Kenneth P Roos, Ph.D. is an Adjunct Professor Emeritus (on recall) in the Department of Physiology of the David Geffen School of Medicine at UCLA. He received an AB in Applied Physics and Information Sciences from the University of California at San Diego (Revelle College) in 1971. His Masters (Biology, San Diego State University, 1974) and Ph.D. (Zoology, University of California, Davis, 1978) theses focused upon skeletal muscle function using the then novel light diffraction optical monitoring technique to reveal sarcomere length dynamics in frogs and dystrophic mice. He shifted to the examination of cardiac muscle mechanics when he started his postdoctoral studies with Allan J. Brady in the UCLA Cardiovascular Research Laboratory and Department of Physiology with an American Heart Association Fellowship. These early career studies involved the pioneering development of computer-interfaced optical imaging and force measurements applied to the study of isolated cardiac myocytes when they first became available. In the 1980s and 90s, these approaches were extended to study myocytes derived from cardiomyopathic or transgenic hearts. In 1990 he became the manager of the Department of Physiology teaching lab in the David Geffen School of Medicine. Since then, he has been heavily involved in the instructional mission of the department by teaching numerous lectures and laboratories for the medical and dental students. In 1992 he was appointed an Adjunct Associate Professor of Physiology. In 1998 he became the director of the new start up UCLA Mouse Physiology Core laboratory. It’s goal was to evaluate cardiac and regulatory function in rodent models of diseases using traditional physiological approaches. Though Dr. Roos retired from the University in 2015, he is back on recall to continue his full teaching load and to run the core lab as a resource for the Department of Physiology and UCLA as a whole.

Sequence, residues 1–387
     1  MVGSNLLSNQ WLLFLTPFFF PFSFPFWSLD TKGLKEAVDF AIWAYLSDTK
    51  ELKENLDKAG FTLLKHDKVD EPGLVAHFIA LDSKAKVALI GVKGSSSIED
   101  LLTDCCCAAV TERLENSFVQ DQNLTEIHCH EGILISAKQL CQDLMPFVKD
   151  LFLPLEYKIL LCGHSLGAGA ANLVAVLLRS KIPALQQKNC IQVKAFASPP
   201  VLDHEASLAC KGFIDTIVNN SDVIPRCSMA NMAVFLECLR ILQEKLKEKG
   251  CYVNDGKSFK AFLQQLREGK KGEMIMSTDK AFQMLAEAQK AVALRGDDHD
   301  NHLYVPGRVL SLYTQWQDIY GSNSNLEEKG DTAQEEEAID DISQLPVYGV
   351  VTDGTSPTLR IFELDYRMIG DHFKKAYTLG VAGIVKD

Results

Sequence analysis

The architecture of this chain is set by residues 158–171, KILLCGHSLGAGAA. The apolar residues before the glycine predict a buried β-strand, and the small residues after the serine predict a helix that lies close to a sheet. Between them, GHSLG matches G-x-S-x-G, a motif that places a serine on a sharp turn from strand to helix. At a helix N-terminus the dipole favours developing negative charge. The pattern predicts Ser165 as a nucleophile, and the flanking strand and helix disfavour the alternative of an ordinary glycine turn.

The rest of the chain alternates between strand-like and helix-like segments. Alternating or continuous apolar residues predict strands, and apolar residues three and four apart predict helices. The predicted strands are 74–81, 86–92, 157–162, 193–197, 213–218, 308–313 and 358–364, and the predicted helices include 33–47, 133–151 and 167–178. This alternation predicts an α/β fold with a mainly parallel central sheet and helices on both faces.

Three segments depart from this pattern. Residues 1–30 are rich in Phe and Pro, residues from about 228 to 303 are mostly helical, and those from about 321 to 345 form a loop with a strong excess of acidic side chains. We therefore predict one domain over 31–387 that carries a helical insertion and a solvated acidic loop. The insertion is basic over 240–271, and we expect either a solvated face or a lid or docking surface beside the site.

As director of the UCLA Mouse Physiology Core Lab, his research focuses upon the physiological assessment of basic and translational cardiac function in rodent models in collaboration with other investigators. The core lab utilizes a wide range of invasive and non-invasive tools to assess animal models in a manner parallel to human assessments. These include echocardiography, ECG, EEG, pressure & vital sign monitoring, surgical manipulations, safety toxicology assessment, metabolic and exercise testing.
One major research emphasis has been on evaluating rodent models of heart failure and cardiac disease. Such efforts investigated the role of the sodium-calcium exchanger (NCX) with mouse models of altered NCX flux. Additionally, there has been involvement in investigations of other cardiac disease models related to cell cycle control, HIV cardiomyopathy, as well as models with defects in the cytoskeleton, signaling pathways, lysosomes, ion pumps, and more. For over a decade, the lab has been involved with a number of translational studies using progenitor cells and other agents to improve cardiac function following myocardial infarction. These translational studies have provided considerable insight into this very active and rapidly advancing field. Such studies have been generally successful in reducing infarct size and improving outcomes.
The lab has also been involved in studies using numerous other disease models including muscular dystrophy, Parkinson’s, Huntington’s, VIP and other neuro-regulatory defects. Substantial contributions have been made in using circadian regulation (light, exercise and food timing) in improving outcomes in several models.
Since the lab’s inception, it has made contributions to a wide variety of studies to better understand basic cardiac physiology as well as to better understand potential treatment strategies using various mouse models and investigative tools.